The skies will be dark and silent over Colorado Springs, Colo., on Saturday. Because of the recession, city officials canceled their Fourth of July fireworks display, a three-decade-old extravaganza that was one of the biggest Independence Day parties in the state.
More than 50,000 people usually turn out for the show at Memorial Park, which traditionally features the Colorado Springs Philharmonic Orchestra booming not one, not two, but six howitzer cannons in time to Tchaikovsky’s “1812 Overture.” But this year, the army of donors who fund the pyrotechnics have cut back, and the city itself couldn’t find enough money to pay for the city crews who keep watch.
With the recession, now in its 19th month, eating away at state and local budgets everywhere, it will be a silent Fourth for many communities across the country that have canceled their annual shows.
In others, where planning was well under way, officials have decided to go ahead with this year’s celebrations but have already said they could eliminate next year’s displays.
Pyrotechnics not the only expense
Usually, as in Colorado Springs, local businesses or the Chamber of Commerce pay for the event itself. But for the cities themselves, “there are a lot of [other] costs involved,” said Allan Fung, mayor of Cranston, R.I.
There’s overtime for police, fire and emergency crews; a big public works cleanup effort; and liability insurance to consider, Fung said. Such expenses can be tough to justify when many communities are instituting or considering layoffs, service reductions and tax increases.
“This year, I had to shift my resources” to keep a municipal swimming pool open, Fung said.
Dozens of small and medium-size cities have made similar calculations this year:
- Springfield, Mo., is hosting the National Fireworks Association’s annual convention next year, making this Independence Day an ideal opportunity to show off. But for the first time in 27 years, it canceled its annual Firefall celebration, which usually brings 70,000 people to Greene County.
- In nearby Nixa, Mo., the Chamber of Commerce decided it couldn’t afford to spend $12,000 to salvage the annual Sky High celebration. City officials canceled funding because the collapse of the local construction industry sharply reduced tax revenue. When you take that much business out of a community, that hits everybody — hits the city, all our businesses,” Chamber President Sharon Whitehill Gray said..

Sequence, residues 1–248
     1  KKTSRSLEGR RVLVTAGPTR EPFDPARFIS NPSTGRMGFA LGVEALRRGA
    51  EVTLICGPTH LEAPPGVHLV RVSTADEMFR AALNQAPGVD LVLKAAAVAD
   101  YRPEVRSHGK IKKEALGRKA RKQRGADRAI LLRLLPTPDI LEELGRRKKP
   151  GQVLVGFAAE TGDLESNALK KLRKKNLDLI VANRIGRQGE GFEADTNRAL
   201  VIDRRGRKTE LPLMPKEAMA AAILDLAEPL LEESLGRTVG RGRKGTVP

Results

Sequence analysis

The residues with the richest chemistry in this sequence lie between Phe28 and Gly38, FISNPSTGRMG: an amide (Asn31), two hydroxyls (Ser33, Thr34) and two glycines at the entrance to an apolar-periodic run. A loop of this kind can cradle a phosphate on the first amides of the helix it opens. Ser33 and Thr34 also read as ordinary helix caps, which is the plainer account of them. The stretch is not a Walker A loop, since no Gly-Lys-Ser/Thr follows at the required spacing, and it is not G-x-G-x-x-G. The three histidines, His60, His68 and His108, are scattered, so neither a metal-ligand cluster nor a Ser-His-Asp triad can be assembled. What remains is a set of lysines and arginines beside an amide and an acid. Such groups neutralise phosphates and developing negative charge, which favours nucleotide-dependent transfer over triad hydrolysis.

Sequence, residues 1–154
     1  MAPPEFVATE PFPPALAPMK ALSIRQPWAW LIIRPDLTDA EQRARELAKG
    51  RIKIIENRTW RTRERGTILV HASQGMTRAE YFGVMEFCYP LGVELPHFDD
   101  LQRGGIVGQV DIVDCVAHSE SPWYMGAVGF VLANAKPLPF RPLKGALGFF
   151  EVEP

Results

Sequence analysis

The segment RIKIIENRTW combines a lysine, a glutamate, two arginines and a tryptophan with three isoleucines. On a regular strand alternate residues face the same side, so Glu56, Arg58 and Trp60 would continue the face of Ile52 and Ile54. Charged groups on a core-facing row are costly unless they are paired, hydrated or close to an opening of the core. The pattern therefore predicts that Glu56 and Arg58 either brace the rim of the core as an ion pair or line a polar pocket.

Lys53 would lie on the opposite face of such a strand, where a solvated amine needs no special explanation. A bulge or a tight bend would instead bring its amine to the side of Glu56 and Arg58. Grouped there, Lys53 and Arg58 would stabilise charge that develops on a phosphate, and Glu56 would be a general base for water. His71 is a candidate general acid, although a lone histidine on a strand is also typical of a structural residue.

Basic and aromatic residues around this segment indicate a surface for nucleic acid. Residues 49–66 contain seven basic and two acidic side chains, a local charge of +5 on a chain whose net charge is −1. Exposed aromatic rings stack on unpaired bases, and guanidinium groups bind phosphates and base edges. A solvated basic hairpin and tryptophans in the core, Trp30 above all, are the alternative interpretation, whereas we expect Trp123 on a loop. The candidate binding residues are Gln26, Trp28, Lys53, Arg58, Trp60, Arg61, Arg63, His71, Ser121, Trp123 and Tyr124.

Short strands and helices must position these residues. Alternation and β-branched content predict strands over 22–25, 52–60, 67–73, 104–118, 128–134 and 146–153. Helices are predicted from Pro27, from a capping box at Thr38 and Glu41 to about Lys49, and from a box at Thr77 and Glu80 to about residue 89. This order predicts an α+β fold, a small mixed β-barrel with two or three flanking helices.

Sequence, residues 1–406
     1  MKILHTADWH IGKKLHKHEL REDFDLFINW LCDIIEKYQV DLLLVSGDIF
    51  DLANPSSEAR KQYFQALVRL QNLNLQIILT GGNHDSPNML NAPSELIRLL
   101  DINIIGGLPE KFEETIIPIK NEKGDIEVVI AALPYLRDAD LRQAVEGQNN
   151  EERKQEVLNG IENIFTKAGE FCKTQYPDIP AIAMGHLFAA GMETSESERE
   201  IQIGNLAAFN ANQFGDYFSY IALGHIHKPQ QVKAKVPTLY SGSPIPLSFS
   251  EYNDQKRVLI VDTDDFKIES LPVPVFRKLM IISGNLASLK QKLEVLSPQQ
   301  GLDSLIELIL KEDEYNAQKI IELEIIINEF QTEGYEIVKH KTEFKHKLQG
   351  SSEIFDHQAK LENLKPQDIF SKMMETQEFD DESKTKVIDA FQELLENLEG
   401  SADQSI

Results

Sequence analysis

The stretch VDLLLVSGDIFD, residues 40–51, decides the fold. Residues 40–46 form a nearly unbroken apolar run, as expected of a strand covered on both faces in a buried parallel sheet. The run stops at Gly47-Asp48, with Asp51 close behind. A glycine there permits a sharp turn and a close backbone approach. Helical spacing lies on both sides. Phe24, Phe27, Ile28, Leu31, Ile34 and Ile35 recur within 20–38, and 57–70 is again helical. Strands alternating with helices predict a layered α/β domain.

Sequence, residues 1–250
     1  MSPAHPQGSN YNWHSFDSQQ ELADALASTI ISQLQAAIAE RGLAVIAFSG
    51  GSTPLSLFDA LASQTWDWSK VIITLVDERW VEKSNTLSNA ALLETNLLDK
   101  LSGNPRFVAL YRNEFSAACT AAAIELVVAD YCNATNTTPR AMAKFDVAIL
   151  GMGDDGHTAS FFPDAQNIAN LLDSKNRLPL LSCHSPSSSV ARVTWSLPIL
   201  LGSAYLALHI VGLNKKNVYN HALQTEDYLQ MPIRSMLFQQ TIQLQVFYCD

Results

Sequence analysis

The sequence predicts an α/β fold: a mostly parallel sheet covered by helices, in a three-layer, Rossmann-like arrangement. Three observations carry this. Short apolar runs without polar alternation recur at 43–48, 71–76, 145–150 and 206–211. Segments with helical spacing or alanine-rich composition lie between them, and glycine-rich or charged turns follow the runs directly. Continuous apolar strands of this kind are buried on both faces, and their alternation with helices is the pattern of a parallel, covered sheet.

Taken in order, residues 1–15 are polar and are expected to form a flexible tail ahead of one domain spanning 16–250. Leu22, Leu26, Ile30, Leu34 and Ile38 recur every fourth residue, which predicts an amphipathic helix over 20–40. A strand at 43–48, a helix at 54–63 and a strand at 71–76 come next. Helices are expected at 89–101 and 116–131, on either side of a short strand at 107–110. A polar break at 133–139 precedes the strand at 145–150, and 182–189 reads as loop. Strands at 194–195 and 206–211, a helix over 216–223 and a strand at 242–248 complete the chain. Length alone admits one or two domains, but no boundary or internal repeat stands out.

- In Flint, Mich., which has laid off some city workers to address a $14 million budget deficit, officials canceled the annual Fireworks Festival before the local Downtown Development Authority stepped in last month with a $10,000 donation. Last week, the city canceled the show again. A city spokesman said the donation came too late for officials to complete plans for police and other services “in the midst of staff reduction.”
- Similarly, officials in Charles Town, W.Va., held out hope that public donations would salvage their annual show, which they said lost $17,000 last year. But the fundraising drive fell short, and the display was canceled Wednesday.
Communities, businesses pass the hat
In numerous other communities, residents and businesses have decided that the national birthday tradition is worth preserving, even in rough times.
“These are the things people look forward to,” said David Roefaro, mayor of Utica, N.Y., where officials and organizers shifted spending from other “non-essential” programs to celebrate Independence Day.The inner workings of fireworks
“These are the things people want to come out and see,” Roefaro said. “They love the fireworks. It’s part of America.”
In Gilbertsville, Ky., Walter Taylor, managing partner of Kentucky Dam Marina, teamed up with other businesses and community leaders to raise $5,000 to save the annual show at Lake Bartley Resort after the state canceled July Fourth displays in state parks.
“It didn’t take us maybe an hour to get the funds necessary to have a decent show, and that’s what we’ve done,” Taylor said. “We just didn’t want it to stop.”
Similar late fundraising drives rescued major fireworks shows in Cleveland; Fort Wayne, Ind.; Tulsa, Okla.; Fort Myers, Fla.; Sioux Falls, S.D.; and Kailua, Hawaii.
“The private sponsors and businesses have stepped up huge,” said Scott Carvill of Kailua, where a community group raised tens of thousands of dollars to save the city’s celebration.
In other communities where planning was already well under way, the show will go on this year — but next year is another story.
One of the country’s biggest celebrations, the Dueling Barges Fireworks Extravaganza in New Orleans, could be bowing out this weekend. The display, ranked the nation’s best in a survey by the online travel agency priceline.com, draws nearly a quarter-million people a year, but organizers said they had no money to continue next year.
In Salt Lake City, Utah, this weekend’s annual show at Sugar House Park, the biggest in the state, also could be the last after the Park Authority said it needed to shift its resources to upkeep. Lex Hemphill, president of the Park Authority board, said the authority’s $27,000 share of the expenses ate up nearly half of its annual rental revenue.
“Nobody on the board is happy to be facing this,” Hemphill said. But “we just have a greater demand for the use of that money now than fireworks.”
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